Published: Tuesday, 18th August 2020
The borough council has pledged to continue exploring options for the reinstatement of the food waste collections next April, in spite of Covid-19 restrictions.
Cllr Brian Long, Leader of the Borough Council of King's Lynn & West Norfolk: "It was regrettable that we had to suspend our food waste collections as we appreciate that those people who use the service love it, as do we. It reduces the amount of waste going to landfill and is turned into genuinely green electricity and a nutrient rich liquid fertiliser so is much better for the environment.
"The guidance on Covid made it impossible for us to continue with the collection, as we had to ensure that our contractor's staff's health and wellbeing was being looked after. A reduction in the number of people in each vehicle meant there wasn't time for the food collection to take place, without impacting on the black and green bin collections. It just wasn't an option, and still isn't while the government guidance remains unchanged.
"We do have, however, an opportunity to look at the detailed arrangements for the provision of the service through our new contractor, who will take over in April. Rest assured that we are exploring all possible options with the new contractor and are committed to reinstating the food waste collection in April, when the new contract starts.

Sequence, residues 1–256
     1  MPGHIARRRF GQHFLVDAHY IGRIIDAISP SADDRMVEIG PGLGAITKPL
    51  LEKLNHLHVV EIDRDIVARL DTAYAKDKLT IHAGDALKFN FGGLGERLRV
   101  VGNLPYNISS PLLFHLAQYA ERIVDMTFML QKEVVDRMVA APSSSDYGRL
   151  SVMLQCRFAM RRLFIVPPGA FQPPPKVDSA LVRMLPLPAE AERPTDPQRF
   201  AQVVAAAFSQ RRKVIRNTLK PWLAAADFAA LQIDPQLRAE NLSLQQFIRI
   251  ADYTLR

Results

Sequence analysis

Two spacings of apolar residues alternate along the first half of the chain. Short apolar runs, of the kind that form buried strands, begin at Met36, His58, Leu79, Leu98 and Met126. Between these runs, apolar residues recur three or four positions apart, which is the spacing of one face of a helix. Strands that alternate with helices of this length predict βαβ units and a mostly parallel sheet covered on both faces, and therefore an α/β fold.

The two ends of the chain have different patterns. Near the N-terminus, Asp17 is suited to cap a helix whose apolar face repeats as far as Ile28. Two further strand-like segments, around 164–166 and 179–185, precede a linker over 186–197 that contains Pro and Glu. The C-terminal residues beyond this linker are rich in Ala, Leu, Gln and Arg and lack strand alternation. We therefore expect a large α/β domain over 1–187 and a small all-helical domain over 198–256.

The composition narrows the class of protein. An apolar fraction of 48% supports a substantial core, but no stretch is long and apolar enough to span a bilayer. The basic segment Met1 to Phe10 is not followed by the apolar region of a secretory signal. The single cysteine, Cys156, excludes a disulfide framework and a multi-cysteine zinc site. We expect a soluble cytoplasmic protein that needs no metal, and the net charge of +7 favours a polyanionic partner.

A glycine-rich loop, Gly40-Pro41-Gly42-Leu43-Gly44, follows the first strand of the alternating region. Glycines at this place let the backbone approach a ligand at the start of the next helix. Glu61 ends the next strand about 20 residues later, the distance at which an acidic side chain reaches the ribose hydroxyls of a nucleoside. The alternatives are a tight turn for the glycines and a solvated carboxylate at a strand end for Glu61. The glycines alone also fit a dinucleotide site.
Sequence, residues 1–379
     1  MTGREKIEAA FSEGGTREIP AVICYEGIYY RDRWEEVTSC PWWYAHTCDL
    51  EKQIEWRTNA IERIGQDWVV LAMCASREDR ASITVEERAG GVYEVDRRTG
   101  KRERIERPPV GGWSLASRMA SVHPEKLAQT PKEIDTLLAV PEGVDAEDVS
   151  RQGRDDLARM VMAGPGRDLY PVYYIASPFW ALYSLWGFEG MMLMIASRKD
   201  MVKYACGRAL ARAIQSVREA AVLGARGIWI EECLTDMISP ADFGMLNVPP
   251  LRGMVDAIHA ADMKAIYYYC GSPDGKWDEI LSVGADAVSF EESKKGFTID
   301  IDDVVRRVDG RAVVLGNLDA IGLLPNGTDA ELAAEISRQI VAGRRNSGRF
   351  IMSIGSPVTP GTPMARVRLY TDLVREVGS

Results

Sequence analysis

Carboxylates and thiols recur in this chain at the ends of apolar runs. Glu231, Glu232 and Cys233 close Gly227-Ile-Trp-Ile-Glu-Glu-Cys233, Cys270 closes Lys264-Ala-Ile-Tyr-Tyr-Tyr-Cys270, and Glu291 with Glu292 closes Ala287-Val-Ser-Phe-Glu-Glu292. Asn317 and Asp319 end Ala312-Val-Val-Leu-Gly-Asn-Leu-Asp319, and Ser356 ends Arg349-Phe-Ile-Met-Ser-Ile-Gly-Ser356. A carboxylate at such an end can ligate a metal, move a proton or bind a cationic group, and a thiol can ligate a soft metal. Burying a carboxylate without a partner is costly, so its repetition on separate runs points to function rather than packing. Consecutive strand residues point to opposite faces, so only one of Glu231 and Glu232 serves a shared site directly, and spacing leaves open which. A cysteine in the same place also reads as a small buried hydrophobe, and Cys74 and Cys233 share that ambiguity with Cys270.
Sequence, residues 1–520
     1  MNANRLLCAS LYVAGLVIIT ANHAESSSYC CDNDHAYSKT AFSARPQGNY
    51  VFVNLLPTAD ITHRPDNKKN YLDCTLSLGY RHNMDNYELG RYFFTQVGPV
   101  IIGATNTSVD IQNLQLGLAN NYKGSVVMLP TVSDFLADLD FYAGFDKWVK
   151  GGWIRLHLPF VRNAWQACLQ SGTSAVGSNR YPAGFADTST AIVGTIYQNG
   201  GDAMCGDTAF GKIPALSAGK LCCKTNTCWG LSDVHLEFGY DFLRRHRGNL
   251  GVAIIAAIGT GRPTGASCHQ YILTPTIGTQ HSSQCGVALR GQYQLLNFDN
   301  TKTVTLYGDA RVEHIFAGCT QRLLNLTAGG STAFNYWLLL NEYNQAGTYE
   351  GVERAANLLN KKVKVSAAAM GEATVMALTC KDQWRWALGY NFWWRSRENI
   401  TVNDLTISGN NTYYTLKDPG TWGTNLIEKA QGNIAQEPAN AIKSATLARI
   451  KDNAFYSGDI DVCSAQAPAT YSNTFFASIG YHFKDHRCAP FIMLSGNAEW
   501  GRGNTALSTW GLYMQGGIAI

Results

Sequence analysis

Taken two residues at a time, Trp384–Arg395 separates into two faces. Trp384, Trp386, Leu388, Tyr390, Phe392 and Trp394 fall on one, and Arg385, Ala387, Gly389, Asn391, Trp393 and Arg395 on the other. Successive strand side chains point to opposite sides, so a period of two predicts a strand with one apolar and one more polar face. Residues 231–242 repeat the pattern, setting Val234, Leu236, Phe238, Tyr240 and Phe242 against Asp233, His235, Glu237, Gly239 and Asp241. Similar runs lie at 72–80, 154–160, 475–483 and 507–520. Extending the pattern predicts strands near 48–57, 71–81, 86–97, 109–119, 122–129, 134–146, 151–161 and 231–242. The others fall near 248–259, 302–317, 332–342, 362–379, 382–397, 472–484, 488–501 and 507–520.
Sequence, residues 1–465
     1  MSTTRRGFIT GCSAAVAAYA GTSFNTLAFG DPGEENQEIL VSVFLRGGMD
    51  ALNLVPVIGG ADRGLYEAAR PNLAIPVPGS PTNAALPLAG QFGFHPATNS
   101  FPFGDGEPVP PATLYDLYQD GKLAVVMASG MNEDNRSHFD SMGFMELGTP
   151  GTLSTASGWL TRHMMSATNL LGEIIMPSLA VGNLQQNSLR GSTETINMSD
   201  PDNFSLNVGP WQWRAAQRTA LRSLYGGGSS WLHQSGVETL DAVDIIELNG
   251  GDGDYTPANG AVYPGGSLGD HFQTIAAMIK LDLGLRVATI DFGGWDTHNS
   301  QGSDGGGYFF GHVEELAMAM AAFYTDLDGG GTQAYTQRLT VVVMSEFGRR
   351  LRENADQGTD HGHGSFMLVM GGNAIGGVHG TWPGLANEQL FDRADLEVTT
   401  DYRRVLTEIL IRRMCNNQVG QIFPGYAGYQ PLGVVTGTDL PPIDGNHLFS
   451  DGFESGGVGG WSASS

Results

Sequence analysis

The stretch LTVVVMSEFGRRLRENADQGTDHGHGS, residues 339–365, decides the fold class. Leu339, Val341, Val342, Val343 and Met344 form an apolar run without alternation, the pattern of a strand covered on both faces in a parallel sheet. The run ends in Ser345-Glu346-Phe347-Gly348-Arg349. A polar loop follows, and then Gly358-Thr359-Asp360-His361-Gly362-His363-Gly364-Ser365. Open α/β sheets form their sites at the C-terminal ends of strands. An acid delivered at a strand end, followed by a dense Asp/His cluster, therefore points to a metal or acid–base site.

Residents are being urged to hang on to the small and large food caddies, keeping them safe for the return of the food waste collection service next year. Food waste should be bagged and put in the black bin, until the food waste service is reinstated.
Cllr Long, added: "I want to thank everyone who has been so understanding during the Covid-19 response and recovery stage. It really is much appreciated. We committed significant additional resource to collect all household bins during the period and, apart from a week, everyone who has one, has had their brown bin emptied too. Under the circumstances this is pretty impressive, so thanks also to the staff who have kept the service running - as key workers, they were often the unsung heroes."